ECE521 Lecture7 Logistic Regression Outline Review of decision theory Logistic regression A single neuron Multiclass classification 2 Outline Decision theory is conceptually easy and computationally hard
More informationA Decision Stump. Decision Trees, cont. Boosting. Machine Learning 10701/15781 Carlos Guestrin Carnegie Mellon University. October 1 st, 2007
Decision Trees, cont. Boosting Machine Learning 10701/15781 Carlos Guestrin Carnegie Mellon University October 1 st, 2007 1 A Decision Stump 2 1 The final tree 3 Basic Decision Tree Building Summarized
More informationData Preprocessing. Data Preprocessing
Data Preprocessing 1 Data Preprocessing Normalization: the process of removing sampletosample variations in the measurements not due to differential gene expression. Bringing measurements from the different
More informationAnalysis of the Performance of AdaBoost.M2 for the Simulated DigitRecognitionExample
Analysis of the Performance of AdaBoost.M2 for the Simulated DigitRecognitionExample Günther Eibl and Karl Peter Pfeiffer Institute of Biostatistics, Innsbruck, Austria guenther.eibl@uibk.ac.at Abstract.
More information16.4 Multiattribute Utility Functions
285 Normalized utilities The scale of utilities reaches from the best possible prize u to the worst possible catastrophe u Normalized utilities use a scale with u = 0 and u = 1 Utilities of intermediate
More informationRegularization. CSCE 970 Lecture 3: Regularization. Stephen Scott and Vinod Variyam. Introduction. Outline
Other Measures 1 / 52 sscott@cse.unl.edu learning can generally be distilled to an optimization problem Choose a classifier (function, hypothesis) from a set of functions that minimizes an objective function
More informationSupport Vector Machine (SVM) and Kernel Methods
Support Vector Machine (SVM) and Kernel Methods CE717: Machine Learning Sharif University of Technology Fall 2015 Soleymani Outline Margin concept HardMargin SVM SoftMargin SVM Dual Problems of HardMargin
More informationFrom inductive inference to machine learning
From inductive inference to machine learning ADAPTED FROM AIMA SLIDES Russel&Norvig:Artificial Intelligence: a modern approach AIMA: Inductive inference AIMA: Inductive inference 1 Outline Bayesian inferences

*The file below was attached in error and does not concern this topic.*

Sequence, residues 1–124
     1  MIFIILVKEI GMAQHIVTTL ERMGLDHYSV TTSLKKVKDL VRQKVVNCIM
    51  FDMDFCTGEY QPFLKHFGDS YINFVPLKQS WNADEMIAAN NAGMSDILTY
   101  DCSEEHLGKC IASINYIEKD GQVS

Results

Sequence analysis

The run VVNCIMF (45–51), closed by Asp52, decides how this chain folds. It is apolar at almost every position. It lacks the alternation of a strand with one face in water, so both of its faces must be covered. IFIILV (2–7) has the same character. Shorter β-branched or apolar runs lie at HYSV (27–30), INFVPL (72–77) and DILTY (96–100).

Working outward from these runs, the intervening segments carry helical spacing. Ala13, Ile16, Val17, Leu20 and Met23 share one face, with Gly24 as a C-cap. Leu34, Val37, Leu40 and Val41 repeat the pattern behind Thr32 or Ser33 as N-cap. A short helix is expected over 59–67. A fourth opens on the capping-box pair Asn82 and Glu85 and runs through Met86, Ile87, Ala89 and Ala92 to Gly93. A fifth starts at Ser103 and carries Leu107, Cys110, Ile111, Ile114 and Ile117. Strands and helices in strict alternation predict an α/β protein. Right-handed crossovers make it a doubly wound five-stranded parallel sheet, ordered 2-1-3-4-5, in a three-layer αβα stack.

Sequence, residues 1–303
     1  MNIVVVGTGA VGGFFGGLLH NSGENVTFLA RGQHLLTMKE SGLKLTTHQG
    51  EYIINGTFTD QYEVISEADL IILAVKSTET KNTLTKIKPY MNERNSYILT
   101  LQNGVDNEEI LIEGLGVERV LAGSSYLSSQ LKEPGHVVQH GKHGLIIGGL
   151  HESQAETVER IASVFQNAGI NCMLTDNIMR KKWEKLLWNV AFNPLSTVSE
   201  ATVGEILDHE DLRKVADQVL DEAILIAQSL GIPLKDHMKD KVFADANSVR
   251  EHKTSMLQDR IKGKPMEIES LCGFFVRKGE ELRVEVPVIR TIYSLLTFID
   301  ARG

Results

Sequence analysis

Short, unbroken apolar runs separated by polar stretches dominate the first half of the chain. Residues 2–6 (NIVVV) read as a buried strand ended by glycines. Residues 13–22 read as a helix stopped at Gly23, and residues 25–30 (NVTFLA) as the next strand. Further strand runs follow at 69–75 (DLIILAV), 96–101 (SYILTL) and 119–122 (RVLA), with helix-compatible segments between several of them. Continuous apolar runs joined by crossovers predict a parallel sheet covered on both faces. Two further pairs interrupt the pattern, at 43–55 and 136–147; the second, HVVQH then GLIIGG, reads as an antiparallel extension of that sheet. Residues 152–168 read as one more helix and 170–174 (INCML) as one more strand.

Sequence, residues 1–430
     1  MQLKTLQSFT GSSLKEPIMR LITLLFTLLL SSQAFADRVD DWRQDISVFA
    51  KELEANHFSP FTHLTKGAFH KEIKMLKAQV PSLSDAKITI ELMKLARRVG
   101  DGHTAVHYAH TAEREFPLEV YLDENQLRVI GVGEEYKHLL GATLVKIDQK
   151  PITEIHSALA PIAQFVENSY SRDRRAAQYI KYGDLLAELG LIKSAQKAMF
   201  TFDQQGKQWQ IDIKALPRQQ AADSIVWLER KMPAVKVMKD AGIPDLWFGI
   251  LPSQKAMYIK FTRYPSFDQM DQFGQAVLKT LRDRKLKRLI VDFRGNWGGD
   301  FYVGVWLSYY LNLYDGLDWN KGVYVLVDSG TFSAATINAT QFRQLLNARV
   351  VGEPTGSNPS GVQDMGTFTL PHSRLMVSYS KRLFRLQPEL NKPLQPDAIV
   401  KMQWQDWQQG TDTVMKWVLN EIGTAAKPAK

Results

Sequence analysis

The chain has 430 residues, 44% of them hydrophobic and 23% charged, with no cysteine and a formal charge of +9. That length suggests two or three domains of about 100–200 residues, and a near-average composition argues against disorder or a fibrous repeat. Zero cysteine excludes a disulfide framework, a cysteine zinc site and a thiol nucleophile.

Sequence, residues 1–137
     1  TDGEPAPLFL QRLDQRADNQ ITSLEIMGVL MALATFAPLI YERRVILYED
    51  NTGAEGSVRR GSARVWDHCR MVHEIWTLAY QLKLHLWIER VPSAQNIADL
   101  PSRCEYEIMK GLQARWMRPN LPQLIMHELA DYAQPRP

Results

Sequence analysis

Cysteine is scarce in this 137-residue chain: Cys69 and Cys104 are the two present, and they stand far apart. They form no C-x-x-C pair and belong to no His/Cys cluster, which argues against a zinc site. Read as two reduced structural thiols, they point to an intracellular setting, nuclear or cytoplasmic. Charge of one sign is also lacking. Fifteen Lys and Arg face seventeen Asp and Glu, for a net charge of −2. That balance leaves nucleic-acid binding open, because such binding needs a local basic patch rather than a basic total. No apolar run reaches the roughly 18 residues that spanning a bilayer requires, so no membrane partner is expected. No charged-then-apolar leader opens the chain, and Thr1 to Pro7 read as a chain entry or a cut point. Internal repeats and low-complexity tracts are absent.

More informationMinimal Attribute Space Bias for Attribute Reduction
Minimal Attribute Space Bias for Attribute Reduction Fan Min, Xianghui Du, Hang Qiu, and Qihe Liu School of Computer Science and Engineering, University of Electronic Science and Technology of China, Chengdu
More informationComparing Robustness of Pairwise and Multiclass NeuralNetwork Systems for Face Recognition
Comparing Robustness of Pairwise and Multiclass NeuralNetwork Systems for Face Recognition J. Uglov, V. Schetinin, C. Maple Computing and Information System Department, University of Bedfordshire, Luton,
More informationSingle gene analysis of differential expression. Giorgio Valentini
Single gene analysis of differential expression Giorgio Valentini valenti@disi.unige.it Comparing two conditions Each condition may be represented by one or more RNA samples. Using cdna microarrays, samples
More informationComplexity Bounds of Radial Basis Functions and MultiObjective Learning
Complexity Bounds of Radial Basis Functions and MultiObjective Learning Illya Kokshenev and Antônio P. Braga Universidade Federal de Minas Gerais  Depto. Engenharia Eletrônica Av. Antônio Carlos, 6.67
More informationP leiades: Subspace Clustering and Evaluation
P leiades: Subspace Clustering and Evaluation Ira Assent, Emmanuel Müller, Ralph Krieger, Timm Jansen, and Thomas Seidl Data management and exploration group, RWTH Aachen University, Germany {assent,mueller,krieger,jansen,seidl}@cs.rwthaachen.de
More informationAnalysis of Fast Input Selection: Application in Time Series Prediction
Analysis of Fast Input Selection: Application in Time Series Prediction Jarkko Tikka, Amaury Lendasse, and Jaakko Hollmén Helsinki University of Technology, Laboratory of Computer and Information Science,
More informationStatistical Analysis of Data Generated by a Mixture of Two Parametric Distributions
UDC 519.2 Statistical Analysis of Data Generated by a Mixture of Two Parametric Distributions Yu. K. Belyaev, D. Källberg, P. Rydén Department of Mathematics and Mathematical Statistics, Umeå University,
More informationMachine Learning Lecture 2
Announcements Machine Learning Lecture 2 Eceptional number of lecture participants this year Current count: 449 participants This is very nice, but it stretches our resources to their limits Probability
More information